Dan Andrews’ plans to force all schoolkids to be vaccinated have been leaked as Victoria records 750 new cases of coronavirus and one death on Monday.
A return to golf is on the cards as Victoria nears COVID vaccination targets, while the government flags trials to test vaccinated-only events.
Golfers itching to get back into the swing of things can expect to be on the fairway in days as Victorian vaccination numbers continue to rise.
Restrictions, including a return to golf and tennis, will ease slightly across the state on Wednesday, with Victoria expected to pass 80 per cent single dose vaccination coverage on Tuesday.
The next round of eased restrictions will focus on the return of Victorian students to onsite learning, a date earmarked for October 6.
Leaked planning documents from the Department of Education obtained by the Herald Sun have revealed the tough rules school children may expect next month.
Face masks and restrictions on household numbers are predicted to stay in Victoria even at an 80 per cent full vaccination rate (pictured, two women walking in St Kilda in Melbourne)
Leaked planning documents from the Department of Education have revealed the tough rules that will be imposed on school children as they return to classrooms (pictured, Bentleigh Secondary College students in Melbourne in July)
Premier Daniel Andrews said while the changes were ‘modest’, the state is getting closer to the end of lockdown.
Residents of locked down areas will be able to travel 15km from home, up from 10, while patron caps in regional venues will increase from 20 to 30.
There was also good news for the city of Geelong, which will be released from lockdown at midnight, despite the diagnosis of six new cases on Saturday. All cases were linked.
One of the considerations under the new schooling frameworks – which are not yet finalised or confirmed – is scrapping excursions, camps, assemblies and performances.
Indoor sporting classes and outdoor contact sports would also be off the cards for students, who will be advised not to gather in large groups on school grounds.
The plans state that parents would not be permitted to mingle outside school gates.
The leaked documents indicate the harsh measures could continue for a considerable portion of next year, with a possible vaccination mandate for students.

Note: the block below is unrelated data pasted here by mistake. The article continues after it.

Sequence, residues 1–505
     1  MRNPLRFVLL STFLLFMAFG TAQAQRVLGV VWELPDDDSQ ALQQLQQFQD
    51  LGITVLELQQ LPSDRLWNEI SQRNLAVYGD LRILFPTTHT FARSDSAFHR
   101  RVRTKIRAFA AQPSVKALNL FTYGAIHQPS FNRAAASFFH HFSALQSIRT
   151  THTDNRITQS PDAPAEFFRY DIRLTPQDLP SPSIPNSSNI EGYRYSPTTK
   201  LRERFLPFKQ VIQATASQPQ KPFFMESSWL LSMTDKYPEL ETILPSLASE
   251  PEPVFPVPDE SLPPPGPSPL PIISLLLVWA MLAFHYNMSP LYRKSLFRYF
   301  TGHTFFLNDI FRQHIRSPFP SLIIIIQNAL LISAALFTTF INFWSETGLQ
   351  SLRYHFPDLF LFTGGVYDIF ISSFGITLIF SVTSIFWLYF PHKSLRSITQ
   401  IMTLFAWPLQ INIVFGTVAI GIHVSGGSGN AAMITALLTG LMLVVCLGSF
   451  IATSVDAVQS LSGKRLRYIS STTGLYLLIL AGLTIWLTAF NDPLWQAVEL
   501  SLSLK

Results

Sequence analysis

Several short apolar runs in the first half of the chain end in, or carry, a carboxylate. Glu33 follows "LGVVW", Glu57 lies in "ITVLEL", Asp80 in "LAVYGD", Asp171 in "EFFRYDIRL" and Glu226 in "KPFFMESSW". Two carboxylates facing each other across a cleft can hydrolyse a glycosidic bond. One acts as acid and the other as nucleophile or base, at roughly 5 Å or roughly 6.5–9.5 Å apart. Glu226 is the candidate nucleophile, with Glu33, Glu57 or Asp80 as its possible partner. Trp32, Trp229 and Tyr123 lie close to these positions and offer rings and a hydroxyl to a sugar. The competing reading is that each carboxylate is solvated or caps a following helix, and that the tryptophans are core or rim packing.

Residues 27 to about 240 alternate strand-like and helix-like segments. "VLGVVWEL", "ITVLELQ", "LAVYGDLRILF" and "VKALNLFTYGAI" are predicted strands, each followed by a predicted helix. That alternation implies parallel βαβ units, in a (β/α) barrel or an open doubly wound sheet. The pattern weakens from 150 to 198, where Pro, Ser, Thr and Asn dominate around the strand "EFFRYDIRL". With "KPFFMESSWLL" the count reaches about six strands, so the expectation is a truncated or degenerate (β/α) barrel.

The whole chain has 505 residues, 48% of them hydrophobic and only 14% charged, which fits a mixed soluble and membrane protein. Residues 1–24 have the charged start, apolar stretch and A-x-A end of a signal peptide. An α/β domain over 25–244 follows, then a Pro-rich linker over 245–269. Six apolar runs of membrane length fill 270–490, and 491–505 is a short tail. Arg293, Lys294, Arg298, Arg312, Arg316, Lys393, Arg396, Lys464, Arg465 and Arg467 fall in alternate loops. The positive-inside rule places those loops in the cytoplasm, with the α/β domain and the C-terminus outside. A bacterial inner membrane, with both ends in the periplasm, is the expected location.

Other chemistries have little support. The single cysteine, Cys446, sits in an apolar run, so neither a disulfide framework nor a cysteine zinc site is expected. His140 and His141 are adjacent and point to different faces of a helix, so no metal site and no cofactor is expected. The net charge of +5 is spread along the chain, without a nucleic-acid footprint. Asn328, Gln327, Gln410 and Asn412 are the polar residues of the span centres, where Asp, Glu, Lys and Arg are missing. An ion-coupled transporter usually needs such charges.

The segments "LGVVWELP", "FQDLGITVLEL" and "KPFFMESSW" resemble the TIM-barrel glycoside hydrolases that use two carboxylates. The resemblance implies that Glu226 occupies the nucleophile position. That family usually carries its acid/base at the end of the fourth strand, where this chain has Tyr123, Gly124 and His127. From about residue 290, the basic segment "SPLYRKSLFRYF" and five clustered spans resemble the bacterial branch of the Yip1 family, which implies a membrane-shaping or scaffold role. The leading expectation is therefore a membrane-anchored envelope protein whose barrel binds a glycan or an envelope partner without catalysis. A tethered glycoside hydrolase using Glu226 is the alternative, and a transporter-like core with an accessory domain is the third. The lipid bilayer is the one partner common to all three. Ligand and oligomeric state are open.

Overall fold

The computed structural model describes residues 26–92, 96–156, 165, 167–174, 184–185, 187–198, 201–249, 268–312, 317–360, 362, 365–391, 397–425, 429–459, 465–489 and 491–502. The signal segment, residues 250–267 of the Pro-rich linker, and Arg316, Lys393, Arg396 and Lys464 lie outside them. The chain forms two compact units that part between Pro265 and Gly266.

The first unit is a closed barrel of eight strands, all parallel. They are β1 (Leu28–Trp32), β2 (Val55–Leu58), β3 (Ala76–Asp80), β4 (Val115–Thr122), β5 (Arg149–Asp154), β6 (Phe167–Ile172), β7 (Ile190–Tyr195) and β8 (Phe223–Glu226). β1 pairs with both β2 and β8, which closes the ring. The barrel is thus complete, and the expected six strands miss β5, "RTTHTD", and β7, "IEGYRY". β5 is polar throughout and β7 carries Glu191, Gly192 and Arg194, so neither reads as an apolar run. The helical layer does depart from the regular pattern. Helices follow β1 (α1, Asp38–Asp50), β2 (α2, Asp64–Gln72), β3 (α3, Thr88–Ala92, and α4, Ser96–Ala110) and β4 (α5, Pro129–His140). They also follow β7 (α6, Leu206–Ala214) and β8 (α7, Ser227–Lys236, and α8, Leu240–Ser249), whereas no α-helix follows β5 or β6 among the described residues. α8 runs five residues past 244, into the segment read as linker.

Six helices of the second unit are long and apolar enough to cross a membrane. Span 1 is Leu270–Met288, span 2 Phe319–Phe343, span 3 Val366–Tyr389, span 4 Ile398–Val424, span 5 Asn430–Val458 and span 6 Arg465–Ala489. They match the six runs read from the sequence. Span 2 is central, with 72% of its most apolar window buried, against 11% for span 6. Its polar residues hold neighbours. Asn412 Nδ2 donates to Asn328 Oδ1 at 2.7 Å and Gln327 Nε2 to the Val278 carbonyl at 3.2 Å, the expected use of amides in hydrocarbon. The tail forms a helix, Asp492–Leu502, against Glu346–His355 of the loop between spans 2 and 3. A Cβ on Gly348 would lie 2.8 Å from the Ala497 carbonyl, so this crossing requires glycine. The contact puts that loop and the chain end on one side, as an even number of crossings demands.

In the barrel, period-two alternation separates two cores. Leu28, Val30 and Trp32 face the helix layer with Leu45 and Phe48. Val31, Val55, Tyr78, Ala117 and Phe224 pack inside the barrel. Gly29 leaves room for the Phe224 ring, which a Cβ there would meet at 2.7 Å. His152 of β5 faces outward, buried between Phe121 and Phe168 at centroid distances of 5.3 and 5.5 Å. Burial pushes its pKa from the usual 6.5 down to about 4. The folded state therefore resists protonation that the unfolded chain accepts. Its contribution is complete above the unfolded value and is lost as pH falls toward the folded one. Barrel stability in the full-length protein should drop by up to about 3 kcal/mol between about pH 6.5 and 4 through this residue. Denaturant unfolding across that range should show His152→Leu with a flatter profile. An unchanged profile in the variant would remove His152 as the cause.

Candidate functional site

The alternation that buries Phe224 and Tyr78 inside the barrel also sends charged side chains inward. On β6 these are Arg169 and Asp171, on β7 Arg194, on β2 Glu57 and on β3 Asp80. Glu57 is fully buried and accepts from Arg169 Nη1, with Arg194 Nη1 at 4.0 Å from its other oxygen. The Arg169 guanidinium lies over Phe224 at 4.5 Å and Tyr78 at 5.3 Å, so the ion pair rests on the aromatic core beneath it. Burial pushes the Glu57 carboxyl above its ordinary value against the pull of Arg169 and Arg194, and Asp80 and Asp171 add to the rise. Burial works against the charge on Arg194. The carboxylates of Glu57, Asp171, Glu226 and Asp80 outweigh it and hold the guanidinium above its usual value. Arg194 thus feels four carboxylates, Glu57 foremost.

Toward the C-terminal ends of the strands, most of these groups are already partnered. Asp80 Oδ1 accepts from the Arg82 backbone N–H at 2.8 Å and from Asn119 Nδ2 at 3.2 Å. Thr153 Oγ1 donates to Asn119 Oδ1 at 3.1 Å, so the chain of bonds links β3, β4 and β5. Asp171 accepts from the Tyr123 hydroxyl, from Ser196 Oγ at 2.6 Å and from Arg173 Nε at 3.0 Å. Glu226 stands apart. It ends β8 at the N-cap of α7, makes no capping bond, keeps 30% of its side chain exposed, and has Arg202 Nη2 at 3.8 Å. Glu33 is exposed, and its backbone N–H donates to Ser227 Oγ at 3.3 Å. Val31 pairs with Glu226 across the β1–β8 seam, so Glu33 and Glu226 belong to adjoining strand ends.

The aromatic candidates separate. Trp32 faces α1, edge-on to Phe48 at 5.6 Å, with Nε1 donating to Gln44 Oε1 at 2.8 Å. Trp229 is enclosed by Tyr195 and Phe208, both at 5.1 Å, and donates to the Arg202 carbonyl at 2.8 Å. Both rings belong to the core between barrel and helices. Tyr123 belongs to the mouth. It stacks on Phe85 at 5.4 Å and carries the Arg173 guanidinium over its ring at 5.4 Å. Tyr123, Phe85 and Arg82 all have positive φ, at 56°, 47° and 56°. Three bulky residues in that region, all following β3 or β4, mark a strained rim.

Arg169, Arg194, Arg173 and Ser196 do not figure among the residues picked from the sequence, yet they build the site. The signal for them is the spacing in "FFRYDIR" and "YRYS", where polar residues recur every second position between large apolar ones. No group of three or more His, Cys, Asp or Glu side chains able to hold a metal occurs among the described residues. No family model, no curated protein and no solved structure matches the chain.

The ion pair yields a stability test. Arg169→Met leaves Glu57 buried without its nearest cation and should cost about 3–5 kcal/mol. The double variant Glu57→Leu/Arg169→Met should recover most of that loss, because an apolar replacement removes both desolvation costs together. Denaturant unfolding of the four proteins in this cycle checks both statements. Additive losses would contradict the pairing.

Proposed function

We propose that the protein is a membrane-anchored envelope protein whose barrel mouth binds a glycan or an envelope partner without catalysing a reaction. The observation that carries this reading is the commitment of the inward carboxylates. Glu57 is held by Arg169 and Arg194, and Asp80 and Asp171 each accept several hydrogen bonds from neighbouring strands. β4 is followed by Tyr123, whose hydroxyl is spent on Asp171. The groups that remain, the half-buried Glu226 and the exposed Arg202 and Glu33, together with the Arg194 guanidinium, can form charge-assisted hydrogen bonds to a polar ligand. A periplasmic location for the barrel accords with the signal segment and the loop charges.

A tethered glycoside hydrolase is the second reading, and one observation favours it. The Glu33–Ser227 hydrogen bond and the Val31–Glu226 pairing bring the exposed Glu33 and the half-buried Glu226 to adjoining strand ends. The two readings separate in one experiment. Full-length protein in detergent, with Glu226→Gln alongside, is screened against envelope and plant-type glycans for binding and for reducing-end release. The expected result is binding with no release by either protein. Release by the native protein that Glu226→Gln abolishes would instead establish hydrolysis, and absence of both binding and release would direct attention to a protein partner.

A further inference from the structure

All Victorian students aged over 12 could be required to have one dose of a vaccine ‘to attend school by 2022’ while those in Year 11 and 12 will need two.
There have also been discussions around primary aged children being vaccinated, if the Therapeutics Goods Administration gives the green light.
Sources from inside the Department of Education told the Herald Sun that a tracking system had been suggested to give information on a student’s vaccination status.
However, the state government has reiterated that mandatory vaccinations for school children are still not being considered.
From Tuesday, Victorians can enjoy ‘contactless’ sports like boating, tennis and golf (pictured, people exercising in Melbourne last week)
A series of ‘vaccinated economy’ trials were also announced on Sunday, to begin across some regional Victorian businesses from October 11.
Select businesses in Buloke, Pyrenees, Bass Coast, Bendigo, East Gippsland and Warrnambool will test systems in the fortnight before Victoria is due to hit the 70 per cent double dose vaccination mark.
The 20 trial sites will be selected based on vaccination rates and case numbers.
Among the issues to be explored during the trials are vaccine status verification and how to help businesses safely deal with aggressive customers who are denied service.
V/Line train services return to a full timetable for all services on all lines on Monday after a COVID-19 outbreak that limited services and saw buses replace trains on some lines.
Another 779 new locally acquired COVID-19 infections and two further deaths were reported on Sunday. The state is now host to more than 8000 active cases.
More than 77 per cent of Victorians aged 16 and over have now had at least one dose of a COVID-19 vaccine, while more than 47 per cent have had two doses.